Skip to main content

Jason Arnott

The son of a mechanic, Arnott was born in Wasaga Beach, Ontario, then a town of about 1,200 people located two hours north of Toronto on Georgian Bay. Arnott grew up there with a love of fishing and hunting.

And, of course, hockey.

He would grow up as the most dominant hockey player in his youth, but in many ways played in the shadows of others once he arrived in junior and in the pros.

As a junior Arnott played in the shadows of teammate Eric Lindros. When Lindros left, Arnott was left behind as the Oshawa Generals big man, both in terms of physicality and importance.  At 6-foot-4, 225-pounds Arnott spent the rest of his career trying to live up to those expectations.

"When you get expectations put on you at a young age, that can be tough,'' Arnott said. "I've been fortunate to have a great supporting cast over the years, so even when I've been down, they've been there to pick me up. I've learned from a lot of great players and hopefully I can pass that on.''

After being drafted seventh overall in 1993, Arnott burst into the NHL with the Edmonton Oilers with a team leading 33 goals and impressive 68-point rookie season.

But Edmonton had just recently lost Mark Messier, and the glimpses of greatness fans saw in Arnott would haunt him. He was being billed as a young Messier thanks to a combination of size, speed and offense.

But Arnott - or anyone else - was never going to adequately replace Messier, no matter how badly anyone wanted it. But everyone always wanted more from Arnott.

Early in 1998 the inevitable happened when the Oilers traded a struggling Arnott, along with Bryan Muir, to New Jersey for Valeri Zelepukin and Bill Guerin.

It turned out to be a very good thing for Arnott and the Devils. He centered an awesome line with Patrik Elias and Petr Sykora, culminating in June of 2000, when Arnott scored the Stanley Cup clinching goal in double overtime of Game 6 in Dallas.

"He's a different player than he was in Edmonton, where he'd skate around 1,000 mph and never accomplish as much as you thought he should," observed coach Ken Hitchcock. "Now he plays a much stronger positional game. For the most part, he reads and reacts, lets the game come to him. But when he asserts himself, 'Look out.' He's that dominant."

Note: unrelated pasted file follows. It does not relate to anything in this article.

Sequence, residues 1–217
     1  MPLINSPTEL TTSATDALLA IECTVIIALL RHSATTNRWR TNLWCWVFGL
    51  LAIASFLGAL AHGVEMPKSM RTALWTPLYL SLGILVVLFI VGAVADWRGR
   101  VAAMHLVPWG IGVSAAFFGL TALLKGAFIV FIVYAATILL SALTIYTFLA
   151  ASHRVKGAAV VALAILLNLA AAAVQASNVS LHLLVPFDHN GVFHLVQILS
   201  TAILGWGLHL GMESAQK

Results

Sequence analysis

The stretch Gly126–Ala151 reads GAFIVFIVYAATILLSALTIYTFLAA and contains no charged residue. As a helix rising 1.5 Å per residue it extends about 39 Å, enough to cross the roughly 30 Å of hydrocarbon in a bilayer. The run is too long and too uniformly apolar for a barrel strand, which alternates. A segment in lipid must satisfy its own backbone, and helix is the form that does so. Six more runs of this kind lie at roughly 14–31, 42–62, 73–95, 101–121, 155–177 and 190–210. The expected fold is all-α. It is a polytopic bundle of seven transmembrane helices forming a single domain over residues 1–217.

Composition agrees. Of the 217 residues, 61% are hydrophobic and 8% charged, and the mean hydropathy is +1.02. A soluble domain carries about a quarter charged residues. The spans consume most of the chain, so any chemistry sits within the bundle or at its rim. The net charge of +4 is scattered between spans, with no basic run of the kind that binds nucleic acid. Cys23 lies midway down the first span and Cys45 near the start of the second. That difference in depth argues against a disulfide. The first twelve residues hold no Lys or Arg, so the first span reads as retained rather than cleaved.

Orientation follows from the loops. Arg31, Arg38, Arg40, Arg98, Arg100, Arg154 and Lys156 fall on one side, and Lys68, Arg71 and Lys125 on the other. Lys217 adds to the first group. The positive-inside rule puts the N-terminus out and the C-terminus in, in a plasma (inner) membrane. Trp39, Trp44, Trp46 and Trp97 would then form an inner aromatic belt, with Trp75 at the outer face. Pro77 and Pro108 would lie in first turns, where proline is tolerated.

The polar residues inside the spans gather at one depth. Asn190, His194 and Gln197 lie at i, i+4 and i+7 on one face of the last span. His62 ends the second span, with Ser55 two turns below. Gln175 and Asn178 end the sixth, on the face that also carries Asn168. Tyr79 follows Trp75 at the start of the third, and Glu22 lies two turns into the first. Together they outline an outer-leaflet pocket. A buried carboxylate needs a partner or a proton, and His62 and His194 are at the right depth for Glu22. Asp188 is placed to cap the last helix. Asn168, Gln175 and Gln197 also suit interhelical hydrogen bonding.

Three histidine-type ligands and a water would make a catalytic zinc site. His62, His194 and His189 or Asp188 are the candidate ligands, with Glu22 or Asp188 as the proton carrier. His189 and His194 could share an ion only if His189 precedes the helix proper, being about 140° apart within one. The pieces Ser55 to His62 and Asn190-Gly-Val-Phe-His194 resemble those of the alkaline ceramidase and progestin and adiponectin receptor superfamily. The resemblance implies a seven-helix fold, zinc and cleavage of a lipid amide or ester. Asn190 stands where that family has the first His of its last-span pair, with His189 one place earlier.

"To me, Jason was a victim of the system we had in this League," Devils General Manager Lou Lamoriello said. "There was too much pressure on him to succeed right out of the draft. When he came to New Jersey, he was one-dimensional -- all offense. He learned how to be a well-rounded player with the Devils and learned how to win.

Arnott would move on to apply his harnessed skills and emerging leadership qualities to become a very solid player in extended stays in Dallas and Nashville. He ended his career with another brief stop in New Jersey as well as Washington and St. Louis.

Arnott retired after 18 seasons in the NHL, having scored 417 goals and 938 points in 1,244 games


Popular posts from this blog

100 Greatest Hockey Players Of All Time

What follows is a listing of the 100 greatest hockey players of all time, in my opinion. As discussed earlier, the definition of greatness is a very personalized endeavor and there is absolutely nothing wrong with it.
While there is no way of ever truly ranking the top 100 definitively, it is important for the creators of such lists to be open and transparent of how the came to their conclusions. That accountability allows the reader to better understand the process. 

Although admittedly I'm using a completely unscientific formula, I weigh career achievements (era statistics, awards, championships) and legacy (impact on and off ice, peak dominance) equally high. I rank player ability as the third most important ingredient, as first and foremost as a tie breaker. Hence, I'm not necessarily looking for the better player, as in text book definitions of what a hockey player should be, but for players with the greatest careers and greatest legacies. Therefore the best player is not n…

Top Ten Junior Players Of All Time

Let's take a look at the Top Ten junior players of all time. For the purposes of this list we will at players in the WHL, OHL and QMJHL only.

10. Pat Lafontaine, Verdun, QMJHL Rookie-record 104 goals, 234 points in 1982-83; major junior player of the year.

9. Denis Potvin, Ottawa, OHL 254 games, 95 goals, 234 assists, 329 points. Broke Bobby Orr's junior records.

8. John Tavares, Oshawa, OHL 215 goals, 433 points in 247 games; most goals in OHL history; eligibility rules changed to admit him at 15; 2006 major junior rookie of the year, 2007 major junior player of the year; two world juniors, named 2009 all-star, top forward and MVP.

7. Sidney Crosby, Rimouski, QMJHL 120 goals, 303 points in 121 games; two-time major junior player of the year; silver and gold with Canada at two world juniors.

6. Eric Lindros, Oshawa, OHL 97 goals, 216 points in 95 games; one Memorial Cup victory; three world junior tournaments; major junior player of the year in 1991.

5. Mike Bossy, Laval, Q…

Greatest Hockey Legends: M